I'm interfacing a MySQL database with PHP Data Objects (PDO) and executing an extensive SQL query. Normally, it takes about 1500 ms; I still need to optimize it. When I run the PHP script twice with a short interval in between, the query only takes about 90 ms. The query is in both cases the same. When I run the script, with the same query, after some time again, it takes 1500 ms again.

Why is that? Does the database cache automatically? Is there some time the database saves the cache and then automatically deletes it?

I assume the results can't be cached by PHP, because this happens in two different threads. I wouldn't think PHP would cache the results, because it can't know if the database has changed.

I have a script running every minute to insert new rows to the database. This might also be the reason that it takes 1500 ms again after some time; the cache would've been deleted, because the relevant tables aren't the same anymore.

  • Show me your code. I dont need your query, just a way how are you testing it. – Kasyx Jun 7 '13 at 12:31
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    Yes, mySQL caches queries. It's clever like that. – Spudley Jun 7 '13 at 12:32
  • @Kasyx what code? It's just basic PDO, but I don't think PHP can cache it because I run the PHP script twice, I don't run the query twice in one script. Also could you explain why you edited pdo in while it isn't really relevant to the question? – Camil Staps Jun 7 '13 at 12:33
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    All DBMSes have a page-level cache of some kind. Many go beyond that by caching query execution plans or even query results (including MySQL). I suspect this last thing is the main culprit for your observed behavior. – Branko Dimitrijevic Jun 7 '13 at 12:35
  • You're doing inserts every minute? Sort that out first! – Grant Thomas Jun 10 '13 at 18:23

This is likely an artifact of the MySQL Query Cache.

You execute the SQL query, MySQL caches its result and the next execution if fast. When you run the script to insert the data in tables referenced by your query, the result cache gets invalidated and the query must be executed "for real" the next time.

From the MySQL documentation linked above:

A query mix consisting almost entirely of a fixed set of SELECT statements is much more likely to benefit from enabling the cache than a mix in which frequent INSERT statements cause continual invalidation of results in the cache.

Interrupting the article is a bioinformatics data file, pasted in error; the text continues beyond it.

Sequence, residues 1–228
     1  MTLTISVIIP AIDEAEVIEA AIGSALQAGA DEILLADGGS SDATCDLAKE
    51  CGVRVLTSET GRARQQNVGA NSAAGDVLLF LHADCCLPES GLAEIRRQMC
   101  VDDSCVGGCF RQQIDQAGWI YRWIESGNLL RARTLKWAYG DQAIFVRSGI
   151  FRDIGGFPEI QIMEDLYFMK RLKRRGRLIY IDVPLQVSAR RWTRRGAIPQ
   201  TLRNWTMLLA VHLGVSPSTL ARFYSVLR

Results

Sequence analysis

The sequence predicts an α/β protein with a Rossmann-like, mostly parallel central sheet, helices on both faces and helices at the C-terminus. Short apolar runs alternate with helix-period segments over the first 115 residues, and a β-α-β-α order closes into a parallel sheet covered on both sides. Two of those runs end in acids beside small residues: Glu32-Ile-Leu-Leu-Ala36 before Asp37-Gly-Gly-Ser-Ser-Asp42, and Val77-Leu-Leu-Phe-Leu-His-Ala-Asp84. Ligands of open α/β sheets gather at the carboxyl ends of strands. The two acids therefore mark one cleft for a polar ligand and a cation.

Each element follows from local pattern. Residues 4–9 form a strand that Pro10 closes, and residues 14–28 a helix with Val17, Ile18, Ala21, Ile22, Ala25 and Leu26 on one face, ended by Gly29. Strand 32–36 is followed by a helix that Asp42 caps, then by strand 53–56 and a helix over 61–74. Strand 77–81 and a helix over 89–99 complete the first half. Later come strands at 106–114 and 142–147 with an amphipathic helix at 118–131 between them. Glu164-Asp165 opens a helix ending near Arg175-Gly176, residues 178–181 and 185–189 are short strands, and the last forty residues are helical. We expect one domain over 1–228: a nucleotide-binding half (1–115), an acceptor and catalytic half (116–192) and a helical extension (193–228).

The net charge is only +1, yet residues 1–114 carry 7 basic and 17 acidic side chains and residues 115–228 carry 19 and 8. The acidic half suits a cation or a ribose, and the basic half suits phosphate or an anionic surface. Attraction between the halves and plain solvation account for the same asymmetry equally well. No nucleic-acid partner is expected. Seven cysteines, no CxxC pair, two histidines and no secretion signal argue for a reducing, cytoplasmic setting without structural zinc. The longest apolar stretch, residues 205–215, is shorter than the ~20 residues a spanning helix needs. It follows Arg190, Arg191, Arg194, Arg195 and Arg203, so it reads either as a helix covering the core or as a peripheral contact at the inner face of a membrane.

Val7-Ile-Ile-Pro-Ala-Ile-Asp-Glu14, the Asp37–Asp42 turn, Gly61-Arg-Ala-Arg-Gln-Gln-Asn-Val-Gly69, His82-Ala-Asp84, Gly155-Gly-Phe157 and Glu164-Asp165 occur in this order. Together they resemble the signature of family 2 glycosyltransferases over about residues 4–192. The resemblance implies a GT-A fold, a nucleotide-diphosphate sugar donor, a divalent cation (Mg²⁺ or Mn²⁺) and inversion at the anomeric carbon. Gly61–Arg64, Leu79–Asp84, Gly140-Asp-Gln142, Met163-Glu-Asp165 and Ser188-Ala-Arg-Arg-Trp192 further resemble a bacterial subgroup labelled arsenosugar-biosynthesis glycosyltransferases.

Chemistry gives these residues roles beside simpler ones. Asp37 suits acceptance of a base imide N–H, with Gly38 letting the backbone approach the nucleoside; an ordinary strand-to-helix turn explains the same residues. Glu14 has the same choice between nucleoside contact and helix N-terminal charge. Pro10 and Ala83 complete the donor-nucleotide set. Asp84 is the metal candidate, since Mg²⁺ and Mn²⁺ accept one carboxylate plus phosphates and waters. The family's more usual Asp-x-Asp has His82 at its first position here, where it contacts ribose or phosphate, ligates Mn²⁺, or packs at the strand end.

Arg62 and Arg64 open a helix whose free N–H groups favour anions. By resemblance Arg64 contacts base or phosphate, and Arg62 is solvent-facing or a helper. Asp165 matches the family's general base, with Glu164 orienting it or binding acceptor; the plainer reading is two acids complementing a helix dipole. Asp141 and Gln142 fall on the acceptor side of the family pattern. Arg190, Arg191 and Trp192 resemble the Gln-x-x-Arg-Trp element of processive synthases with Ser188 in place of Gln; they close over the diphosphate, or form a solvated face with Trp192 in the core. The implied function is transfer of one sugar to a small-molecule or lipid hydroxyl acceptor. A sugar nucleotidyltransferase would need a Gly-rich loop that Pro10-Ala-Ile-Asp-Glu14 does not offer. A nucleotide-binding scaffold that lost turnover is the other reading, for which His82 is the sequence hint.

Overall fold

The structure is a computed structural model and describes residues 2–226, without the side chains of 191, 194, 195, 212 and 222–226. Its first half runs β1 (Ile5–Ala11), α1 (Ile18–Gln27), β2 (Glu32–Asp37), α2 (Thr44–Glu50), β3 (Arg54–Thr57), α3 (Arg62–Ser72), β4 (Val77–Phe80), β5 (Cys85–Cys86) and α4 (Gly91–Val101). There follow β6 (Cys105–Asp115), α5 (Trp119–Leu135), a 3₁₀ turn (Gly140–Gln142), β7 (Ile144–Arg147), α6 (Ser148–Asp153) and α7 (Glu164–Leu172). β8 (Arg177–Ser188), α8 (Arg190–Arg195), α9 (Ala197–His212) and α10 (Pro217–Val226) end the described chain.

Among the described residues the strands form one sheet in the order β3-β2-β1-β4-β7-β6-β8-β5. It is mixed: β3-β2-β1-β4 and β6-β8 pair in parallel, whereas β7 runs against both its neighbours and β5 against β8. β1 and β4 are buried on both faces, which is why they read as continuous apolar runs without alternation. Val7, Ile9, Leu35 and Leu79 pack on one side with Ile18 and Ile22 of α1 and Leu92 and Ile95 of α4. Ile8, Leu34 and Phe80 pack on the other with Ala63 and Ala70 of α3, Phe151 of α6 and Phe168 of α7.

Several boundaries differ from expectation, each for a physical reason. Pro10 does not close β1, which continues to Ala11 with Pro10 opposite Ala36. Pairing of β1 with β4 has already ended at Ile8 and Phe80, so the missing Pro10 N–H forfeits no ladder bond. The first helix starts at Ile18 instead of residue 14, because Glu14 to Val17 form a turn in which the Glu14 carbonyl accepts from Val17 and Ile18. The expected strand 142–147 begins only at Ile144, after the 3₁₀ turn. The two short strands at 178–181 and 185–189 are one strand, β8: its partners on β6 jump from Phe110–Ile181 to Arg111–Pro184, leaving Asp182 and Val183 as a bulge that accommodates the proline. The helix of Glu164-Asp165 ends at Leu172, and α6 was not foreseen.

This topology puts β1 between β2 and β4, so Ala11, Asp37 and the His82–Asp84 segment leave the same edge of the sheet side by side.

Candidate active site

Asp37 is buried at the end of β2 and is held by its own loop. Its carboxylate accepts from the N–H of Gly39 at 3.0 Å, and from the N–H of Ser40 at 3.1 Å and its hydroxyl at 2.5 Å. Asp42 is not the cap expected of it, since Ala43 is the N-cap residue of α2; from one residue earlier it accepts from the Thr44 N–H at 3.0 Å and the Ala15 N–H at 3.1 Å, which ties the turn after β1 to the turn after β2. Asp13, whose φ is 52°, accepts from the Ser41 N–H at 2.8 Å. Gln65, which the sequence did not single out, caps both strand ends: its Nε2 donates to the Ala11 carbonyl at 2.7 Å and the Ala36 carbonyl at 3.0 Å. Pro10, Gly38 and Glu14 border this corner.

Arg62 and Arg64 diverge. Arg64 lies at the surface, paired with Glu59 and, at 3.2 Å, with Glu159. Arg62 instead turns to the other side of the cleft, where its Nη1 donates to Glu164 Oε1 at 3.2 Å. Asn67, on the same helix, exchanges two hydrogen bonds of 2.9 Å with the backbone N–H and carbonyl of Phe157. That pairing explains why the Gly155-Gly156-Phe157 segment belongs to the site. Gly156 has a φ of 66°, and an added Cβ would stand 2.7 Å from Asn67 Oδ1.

Yes, mySQL (in common with all other popular database products) caches the queries that are made to it.

The caching is pretty clever -- it can often use a cache for a query even if the exact parameters of the query are not the same. This can make a big difference to performance.

Caching is controlled entirely inside the DB server software; you do not have any visibility of what the cache contains, nor how long a given item remains in the cache; it could be overwritten at any given moment depending on what other queries are being called, etc. It is there to aid performance, but it should not be relied on for performance.

You can read more about it here in the MySQL manual

In addition, using PDO allows you to write your queries as "Prepared statements", binding the parameters rather than hard coding them into a plain text query string. This also has caching implication on the DB server and for queries that are repeated, will also improve performance.

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    "As of MySQL 5.1.17, the query cache is used for prepared statements under the conditions described in Section, “How the Query Cache Operates”. Before 5.1.17, the query cache is not used for prepared statements." dev.mysql.com/doc/refman/5.1/en/query-cache.html – Zsolt Szilagy Jun 7 '13 at 12:46
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    "in common with all other popular database products": that is a bit misleading. Hardly any DBMS actively caches query results the way MySQL does. DBMS usually only cache table (or index) data, not query results. Most of them do cache the query exeution plan (and the query "source") – a_horse_with_no_name Jun 10 '13 at 17:21
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    "it can often use a cache for a query even if the exact parameters of the query are not the same" is completely incorrect. The query must be byte-for-byte identical to a previously-executed and still-cached query in order to be served from the cache. Even the difference between SELECT * and select * means an otherwise-identical query will not be served from the cache. dev.mysql.com/doc/refman/5.1/en/query-cache-operation.html. Posted 5.1 link for consistency, but applies to all versions. – Michael - sqlbot Jun 11 '13 at 3:43

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